Johnson & Johnson Reportedly Settling Power Morcellator Cancer Cases

Tabitha KrugerDefective Medical Devices, Hot Topics, Johnson & Johnson


Health care giant Johnson & Johnson has reportedly more than 70 lawsuits claiming uterine cancers were spread by the power morcellator, a controversial surgical tool.

In these lawsuits, the plaintiffs allege that the power morcellator used in their hysterectomies or uterine fibroid removal procedures spread leimyosarcoma—an aggressive form of uterine cancer that is hard to detect before surgery. Their product liability suits were filed against Johnson & Johnson’s Ethicon unit, which manufactures power morcellators.

Members of the medical community have expressed alarm about the safety of surgical procedures using power morcellators. The device has been widely used in minimally invasive uterine fibroid surgery or hysterectomies. The morcellator is inserted through a small incision in the abdomen and the rapidly spinning blades cut uterine tissue into tiny pieces that can be removed through the incision. But the morcellator can spread bits of tissue through the abdomen during the procedure and if this tissue contains cancer cells, the cancer can rapidly spread and grow, complicating treatment and diminishing the woman’s long-term survival chances.

The Food and Drug Administration says one in 350 women who undergo hysterectomy or fibroid surgery have an undetected uterine sarcoma—a much higher risk than earlier believed. In light of the concerns, many hospitals have restricted morcellator use to carefully screened patients who are least likely to harbor uterine sarcoma. A number of health insurers no longer cover routine use of the morcellator. Though the device has not been banned, some manufacturers, including Johnson & Johnson, have stopped selling power morcellators.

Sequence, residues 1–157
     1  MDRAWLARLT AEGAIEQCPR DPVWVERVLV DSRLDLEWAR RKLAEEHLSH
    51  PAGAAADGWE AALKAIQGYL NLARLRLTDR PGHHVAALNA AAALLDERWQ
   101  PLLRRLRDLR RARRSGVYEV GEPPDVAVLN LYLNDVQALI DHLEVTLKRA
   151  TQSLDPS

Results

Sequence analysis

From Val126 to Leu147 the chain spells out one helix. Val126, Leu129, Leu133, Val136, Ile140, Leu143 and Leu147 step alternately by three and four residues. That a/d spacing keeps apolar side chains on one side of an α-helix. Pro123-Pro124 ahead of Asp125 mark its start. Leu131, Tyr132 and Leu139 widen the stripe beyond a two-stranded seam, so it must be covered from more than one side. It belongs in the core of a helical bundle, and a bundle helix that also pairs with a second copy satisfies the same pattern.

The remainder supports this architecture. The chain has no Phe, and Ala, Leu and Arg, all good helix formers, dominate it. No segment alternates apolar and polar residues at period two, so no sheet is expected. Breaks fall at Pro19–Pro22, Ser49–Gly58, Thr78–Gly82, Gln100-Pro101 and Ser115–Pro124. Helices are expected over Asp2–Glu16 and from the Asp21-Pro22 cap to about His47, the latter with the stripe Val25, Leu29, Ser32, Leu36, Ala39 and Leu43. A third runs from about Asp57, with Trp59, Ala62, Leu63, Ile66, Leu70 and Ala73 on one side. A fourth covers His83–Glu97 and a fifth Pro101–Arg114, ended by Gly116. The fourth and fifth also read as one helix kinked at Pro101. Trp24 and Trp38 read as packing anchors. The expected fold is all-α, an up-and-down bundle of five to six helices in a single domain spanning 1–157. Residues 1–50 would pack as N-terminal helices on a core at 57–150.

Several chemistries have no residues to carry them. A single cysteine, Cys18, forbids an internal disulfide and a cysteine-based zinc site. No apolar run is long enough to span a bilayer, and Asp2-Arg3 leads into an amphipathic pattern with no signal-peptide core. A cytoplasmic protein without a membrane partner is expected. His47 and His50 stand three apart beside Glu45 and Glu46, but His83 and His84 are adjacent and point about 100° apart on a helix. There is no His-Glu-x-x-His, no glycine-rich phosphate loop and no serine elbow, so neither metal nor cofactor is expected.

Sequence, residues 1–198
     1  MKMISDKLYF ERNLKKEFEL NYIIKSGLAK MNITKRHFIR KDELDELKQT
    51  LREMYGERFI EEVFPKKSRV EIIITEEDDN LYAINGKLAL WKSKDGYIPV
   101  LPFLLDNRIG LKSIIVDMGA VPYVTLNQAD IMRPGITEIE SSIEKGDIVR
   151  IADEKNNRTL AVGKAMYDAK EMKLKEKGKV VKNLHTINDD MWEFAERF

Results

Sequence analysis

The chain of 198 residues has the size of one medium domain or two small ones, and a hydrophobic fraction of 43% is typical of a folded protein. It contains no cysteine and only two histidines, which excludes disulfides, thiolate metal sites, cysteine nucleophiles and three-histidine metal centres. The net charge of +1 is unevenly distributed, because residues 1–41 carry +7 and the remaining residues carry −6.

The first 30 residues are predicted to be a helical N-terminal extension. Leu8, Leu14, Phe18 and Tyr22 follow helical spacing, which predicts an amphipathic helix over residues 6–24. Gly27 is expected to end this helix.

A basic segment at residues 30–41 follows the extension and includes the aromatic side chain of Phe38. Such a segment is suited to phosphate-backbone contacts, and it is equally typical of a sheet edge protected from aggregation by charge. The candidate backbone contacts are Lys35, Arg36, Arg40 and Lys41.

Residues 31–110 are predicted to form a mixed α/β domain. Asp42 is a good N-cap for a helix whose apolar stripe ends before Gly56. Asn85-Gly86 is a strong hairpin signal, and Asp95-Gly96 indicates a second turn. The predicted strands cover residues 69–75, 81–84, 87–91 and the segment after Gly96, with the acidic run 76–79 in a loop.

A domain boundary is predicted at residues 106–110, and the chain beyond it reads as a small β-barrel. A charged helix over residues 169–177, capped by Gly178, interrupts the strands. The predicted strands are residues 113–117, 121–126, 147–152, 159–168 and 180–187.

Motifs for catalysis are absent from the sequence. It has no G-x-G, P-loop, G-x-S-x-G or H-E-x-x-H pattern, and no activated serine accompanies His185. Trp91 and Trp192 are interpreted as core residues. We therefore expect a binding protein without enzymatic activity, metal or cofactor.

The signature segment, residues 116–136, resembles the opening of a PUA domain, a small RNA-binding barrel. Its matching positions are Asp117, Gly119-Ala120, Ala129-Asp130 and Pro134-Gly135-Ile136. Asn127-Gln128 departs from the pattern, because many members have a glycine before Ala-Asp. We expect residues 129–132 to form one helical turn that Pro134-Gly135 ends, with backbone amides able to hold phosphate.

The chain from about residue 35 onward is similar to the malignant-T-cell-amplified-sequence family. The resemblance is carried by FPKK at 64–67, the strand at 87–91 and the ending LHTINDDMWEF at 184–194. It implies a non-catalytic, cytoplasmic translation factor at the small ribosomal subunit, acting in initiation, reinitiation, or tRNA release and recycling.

Women who have had surgeries using the power morcellator should be aware symptoms that might signal cancer:

  • vaginal discharge, bleeding or spotting
  • abdominal or pelvic pain or a mass
  • abdominal or pelvic swelling
  • weight loss
  • nausea and vomiting

In October 2015, a multidistrict litigation (MDL) was formed to coordinate pretrial proceedings for the morcellator cases.  The Wall Street Journal reported that J&J began settling morcellator cases and nearly 70 have been settled. People familiar with the settlements say the amounts range from about $100,000 to $1 million, depending on such factors as the woman’s age, her medical condition, and whether she has children. Lawyers for the plaintiffs are reportedly urging quick action on these cases because many of the women are seriously ill.

In 2014, the FDA directed morcellator manufacturers to add a black box warning—the most serious warning—to materials for hospitals and surgeons. Despite the lawsuits and other pressure, the morcellator has not been removed from the market. In response to requests from Congress, the Government Accountability Office is investigating why the morcellator remained on the market for two decades before the FDA warned that the device could spread cancer.